Wherever There Is Light
In 1920, fifteen-year-old Julian leaves Germany for America because of his dictatorial Jewish father, Professor Rose. He becomes wealthy by joining a Newark bootlegging gang and dealing in real estate. In 1938, Mrs. Wakefield, daughter of a slave and the founder of an African-American college in South Florida, hires Professor Rose, rescuing him from the Nazis. Julian is invited to his parents’ welcome party. There he meets Mrs. Wakefield’s daughter, Kendall, a glamorous black woman. Despite their religious and racial differences, Kendall and Julian fall in love and begin an off-and-on affair lasting for nearly 30 years. The two tackle the problems an interracial couple would typically encounter. Both relocate to peaceful pre-WWII Greenwich Village. The war interrupts their romance; Julian is recruited by the OSS, and Kendall serves as a combat photographer. Kendall settles in post-war Paris, and fate brings the sweethearts together when Julian is sent to Paris on a mission.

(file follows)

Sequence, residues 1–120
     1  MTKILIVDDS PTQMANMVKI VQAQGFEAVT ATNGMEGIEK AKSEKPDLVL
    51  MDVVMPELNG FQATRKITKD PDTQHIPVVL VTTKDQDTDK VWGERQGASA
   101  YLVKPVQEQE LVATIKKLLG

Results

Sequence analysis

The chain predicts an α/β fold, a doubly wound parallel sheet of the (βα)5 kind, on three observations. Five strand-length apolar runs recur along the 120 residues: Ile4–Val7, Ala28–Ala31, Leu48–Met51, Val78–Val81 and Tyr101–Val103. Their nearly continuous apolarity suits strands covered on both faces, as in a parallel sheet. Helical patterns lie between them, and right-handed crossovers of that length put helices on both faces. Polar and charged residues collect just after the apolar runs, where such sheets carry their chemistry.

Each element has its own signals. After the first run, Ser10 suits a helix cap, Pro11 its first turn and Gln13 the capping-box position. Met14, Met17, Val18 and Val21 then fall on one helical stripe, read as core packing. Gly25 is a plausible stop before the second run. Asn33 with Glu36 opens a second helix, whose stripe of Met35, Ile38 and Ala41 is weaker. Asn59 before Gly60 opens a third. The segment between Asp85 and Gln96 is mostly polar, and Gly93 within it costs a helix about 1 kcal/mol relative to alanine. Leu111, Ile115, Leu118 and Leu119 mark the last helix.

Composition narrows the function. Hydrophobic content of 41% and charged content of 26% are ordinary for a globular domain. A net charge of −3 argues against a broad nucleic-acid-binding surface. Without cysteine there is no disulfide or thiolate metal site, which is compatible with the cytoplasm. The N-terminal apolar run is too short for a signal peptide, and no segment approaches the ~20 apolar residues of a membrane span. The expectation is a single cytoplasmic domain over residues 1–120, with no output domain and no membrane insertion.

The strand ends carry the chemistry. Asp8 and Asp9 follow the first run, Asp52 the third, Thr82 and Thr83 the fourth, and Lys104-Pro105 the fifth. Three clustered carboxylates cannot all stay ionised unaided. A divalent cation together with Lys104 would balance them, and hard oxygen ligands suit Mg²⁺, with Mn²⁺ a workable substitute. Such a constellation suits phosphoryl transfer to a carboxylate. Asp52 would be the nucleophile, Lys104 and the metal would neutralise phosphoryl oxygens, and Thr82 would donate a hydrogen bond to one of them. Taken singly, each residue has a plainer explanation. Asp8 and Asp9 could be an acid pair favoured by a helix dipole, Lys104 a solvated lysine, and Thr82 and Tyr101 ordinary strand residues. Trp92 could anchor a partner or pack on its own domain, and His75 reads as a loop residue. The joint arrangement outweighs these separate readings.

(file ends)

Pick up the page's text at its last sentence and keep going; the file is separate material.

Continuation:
Peter Golden has penned an unusual love story between a Jewish man and a black woman. The evocative title spotlights their epic romance. As the novel’s numerous settings transport us mentally to its locales, so do its well-narrated scenes of interracial relations, religious biases, and prejudices. These impact not only the couple but also their families and friends. The Paris segment’s showcasing of American expatriate life among artists, writers, and intellectuals is particularly well-handled. However, it’s the protagonists’ own self-interests – Kendall’s devotion to art, and Julian’s to wealth and aggression – that conflict with their love. The strong writing and numerous sex scenes keep us engrossed to the ending. Highly recommended.